The Nazi movement has, perhaps, both reasons for quarrelling with Catholic influence in the Reich. For, on the one hand, the German Catholics are bound by strong ties to Catholics in other parts of the world, and the Nazi State distrusts all such outside affiliations. And on the other hand, Hitler's revolution, although we used to think of it as a conservative revolution because it was anti-Communist, has proved, in fact, a break with the past hardly less radical than Lenin's. Whether because they remind him that there are cultures other than the German culture, or because they remind him that there was a pre-Nazi Germany, Hitler might be expected to view the Catholics of the Reich with distrust, and perhaps to harass them.
But does either motive account for the vigour, the purposefulness, of the anti-Catholic drive? The Catholics of Bavaria, and perhaps of the Rhineland, might be suspected of sympathy with the old order of things; but not those of Prussia and of the other German States. There, you feel, the Lutherans might have been persecuted (as we know they have been persecuted), and the Catholics let alone; yet the suppression of Catholic influence has been nation-wide. Nor, when you come to look into it, was there much in the cry of "Foreign influence!" The German Catholics had no love for France; they remembered the anti-clerical laws, and they blamed France for the ill-success of Brüning's Chancellorship. Russia they hated, like the Nazis; Italy, Germany's new friend, was endeared to them by the aid which it lent to the anti-Communist rising of General Franco. There was no reason in the nature of things why the new German Government should not have pulled well with the Church at first, if there had not been some more intimate ground of disagreement.
The fact is, unless all the symptoms of the struggle have wholly misled us, that for once the Church is being persecuted not because she is Catholic but because she is Christian. Wherever else we point to anti-clerical legislation, and denounce it, our non-Catholic friends are not slow to retort that the Church has invited attack by being untrue to the spirit of her Master. But not in Germany; there it is precisely because she is true to the spirit of her Master that she is held up to scorn. She has loved righteousness and hated iniquity; therefore she is in exile. Many of the Church's persecutors would have been moved to compunction, or at least to indignant disavowal, if they had had St. Paul's experience; if it had been said to them in a vision, "I am Jesus, whom thou persecutest". To a German statesman, it would be no news.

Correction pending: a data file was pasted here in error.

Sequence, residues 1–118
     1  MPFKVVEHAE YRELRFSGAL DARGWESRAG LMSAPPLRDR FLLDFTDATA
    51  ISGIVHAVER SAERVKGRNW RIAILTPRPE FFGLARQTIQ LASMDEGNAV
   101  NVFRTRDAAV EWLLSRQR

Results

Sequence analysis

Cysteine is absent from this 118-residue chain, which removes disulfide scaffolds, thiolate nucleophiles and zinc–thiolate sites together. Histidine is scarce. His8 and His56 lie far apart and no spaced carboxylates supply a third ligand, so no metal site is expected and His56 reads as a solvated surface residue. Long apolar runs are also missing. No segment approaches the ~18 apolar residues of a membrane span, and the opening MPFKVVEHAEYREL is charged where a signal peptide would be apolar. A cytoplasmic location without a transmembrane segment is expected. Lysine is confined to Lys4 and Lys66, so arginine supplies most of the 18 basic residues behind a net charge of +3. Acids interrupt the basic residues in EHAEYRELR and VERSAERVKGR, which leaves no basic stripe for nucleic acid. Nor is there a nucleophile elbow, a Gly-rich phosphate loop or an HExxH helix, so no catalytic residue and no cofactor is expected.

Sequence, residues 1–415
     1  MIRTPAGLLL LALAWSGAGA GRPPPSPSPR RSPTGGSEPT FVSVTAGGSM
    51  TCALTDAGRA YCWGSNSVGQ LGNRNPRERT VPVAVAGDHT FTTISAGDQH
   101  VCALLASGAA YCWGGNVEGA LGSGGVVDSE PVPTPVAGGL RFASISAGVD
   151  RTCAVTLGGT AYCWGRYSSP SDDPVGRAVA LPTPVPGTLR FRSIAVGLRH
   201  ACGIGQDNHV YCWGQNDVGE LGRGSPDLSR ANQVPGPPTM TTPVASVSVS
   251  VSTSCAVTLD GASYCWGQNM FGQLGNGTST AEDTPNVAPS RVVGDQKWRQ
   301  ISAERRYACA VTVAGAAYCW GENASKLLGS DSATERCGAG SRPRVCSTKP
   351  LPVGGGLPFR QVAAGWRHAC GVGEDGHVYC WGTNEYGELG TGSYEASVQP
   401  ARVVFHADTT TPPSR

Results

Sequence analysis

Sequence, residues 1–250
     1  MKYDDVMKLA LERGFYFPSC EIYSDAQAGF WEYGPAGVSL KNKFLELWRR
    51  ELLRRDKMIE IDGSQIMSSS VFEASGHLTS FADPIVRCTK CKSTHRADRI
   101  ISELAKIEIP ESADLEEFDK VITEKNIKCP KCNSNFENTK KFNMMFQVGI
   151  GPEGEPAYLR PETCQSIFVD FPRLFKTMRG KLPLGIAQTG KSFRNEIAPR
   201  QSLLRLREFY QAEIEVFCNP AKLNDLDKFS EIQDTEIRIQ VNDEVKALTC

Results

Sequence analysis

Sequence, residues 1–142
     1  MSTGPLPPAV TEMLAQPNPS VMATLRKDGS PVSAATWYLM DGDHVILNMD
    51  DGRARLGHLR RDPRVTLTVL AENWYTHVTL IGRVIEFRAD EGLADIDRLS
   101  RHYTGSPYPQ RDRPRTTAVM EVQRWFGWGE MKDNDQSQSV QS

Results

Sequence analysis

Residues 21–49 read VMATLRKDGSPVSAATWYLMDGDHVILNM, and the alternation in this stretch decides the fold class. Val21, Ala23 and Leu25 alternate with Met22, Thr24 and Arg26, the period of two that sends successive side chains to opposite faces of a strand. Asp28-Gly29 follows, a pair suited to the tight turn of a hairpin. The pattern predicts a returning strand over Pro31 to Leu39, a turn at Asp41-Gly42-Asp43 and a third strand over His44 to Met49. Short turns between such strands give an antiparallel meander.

It is as if the mantle of the centuries had slipped away, and Christendom were faced with the prospect of converting the world afresh. May we be found worthy of the task; it is no light one.
[Footnote 1] See Michael Power, Religion in the Reich, pp. 12 sqq.
[Footnote 2] See Edmond Vermeil, Hitler et le Christianisme, p. 61.
[Footnote 3] "By the signature of the Concordat, National Socialism has been recognised by the Catholic Church in the most solemn manner possible."—Völkischer Beobachter, July 24, 1933.
[Footnote 4] Power, op. cit., p. 34.
[Footnote 5] Power, op. cit., p. 49.
[Footnote 6] Power, op. cit., p. 50.
[Footnote 7] Power, op. cit., p. 54.
[Footnote 8] Power, op. cit., p. 31.
[Footnote 9] Vermeil, op. cit., p. 67.
[Footnote 10] Power, op. cit., p. 58.
[Footnote 11] Vermeil, op. cit., p. 74.
[Footnote 12] Power, op. cit., p. 66.
[Footnote 13] Power, op. cit., p. 71.
[Footnote 14] German Atrocities in Poland (Free Europe pamphlet), p. 34.
[Footnote 15] English Catholic Newsletter, No. 15.
The edition used as base for this book contained the following errors, which have been corrected:
Page 6 footnote: Hitler et la Christianisme => Hitler et le Christianisme
Page 30: the partizans of a democratic revolution => the partisans of a democratic revolution